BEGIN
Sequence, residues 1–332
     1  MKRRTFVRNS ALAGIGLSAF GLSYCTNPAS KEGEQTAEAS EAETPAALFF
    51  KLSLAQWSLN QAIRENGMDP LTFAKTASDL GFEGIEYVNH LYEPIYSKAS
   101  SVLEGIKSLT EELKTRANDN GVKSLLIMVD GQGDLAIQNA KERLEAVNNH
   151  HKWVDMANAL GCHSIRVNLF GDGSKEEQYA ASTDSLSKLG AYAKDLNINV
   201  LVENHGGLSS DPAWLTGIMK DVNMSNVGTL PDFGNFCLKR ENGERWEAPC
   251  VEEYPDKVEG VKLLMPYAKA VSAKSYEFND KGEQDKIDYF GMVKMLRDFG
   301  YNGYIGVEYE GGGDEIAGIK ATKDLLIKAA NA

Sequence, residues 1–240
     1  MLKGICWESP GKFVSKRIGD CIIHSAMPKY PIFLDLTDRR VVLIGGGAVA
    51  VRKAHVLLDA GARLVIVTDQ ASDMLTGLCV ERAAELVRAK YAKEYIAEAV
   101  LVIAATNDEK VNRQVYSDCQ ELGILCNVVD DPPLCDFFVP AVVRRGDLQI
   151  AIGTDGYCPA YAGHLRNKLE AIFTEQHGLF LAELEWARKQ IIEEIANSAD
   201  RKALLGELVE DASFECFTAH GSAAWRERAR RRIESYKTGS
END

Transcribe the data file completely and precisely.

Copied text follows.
Sequence, residues 1–332
     1  MKRRTFVRNS ALAGIGLSAF GLSYCTNPAS KEGEQTAEAS EAETPAALFF
    51  KLSLAQWSLN QAIRENGMDP LTFAKTASDL GFEGIEYVNH LYEPIYSKAS
   101  SVLEGIKSLT EELKTRANDN GVKSLLIMVD GQGDLAIQNA KERLEAVNNH
   151  HKWVDMANAL GCHSIRVNLF GDGSKEEQYA ASTDSLSKLG AYAKDLNINV
   201  LVENHGGLSS DPAWLTGIMK DVNMSNVGTL PDFGNFCLKR ENGERWEAPC
   251  VEEYPDKVEG VKLLMPYAKA VSAKSYEFND KGEQDKIDYF GMVKMLRDFG
   301  YNGYIGVEYE GGGDEIAGIK ATKDLLIKAA NA

Sequence, residues 1–240
     1  MLKGICWESP GKFVSKRIGD CIIHSAMPKY PIFLDLTDRR VVLIGGGAVA
    51  VRKAHVLLDA GARLVIVTDQ ASDMLTGLCV ERAAELVRAK YAKEYIAEAV
   101  LVIAATNDEK VNRQVYSDCQ ELGILCNVVD DPPLCDFFVP AVVRRGDLQI
   151  AIGTDGYCPA YAGHLRNKLE AIFTEQHGLF LAELEWARKQ IIEEIANSAD
   201  RKALLGELVE DASFECFTAH GSAAWRERAR RRIESYKTGS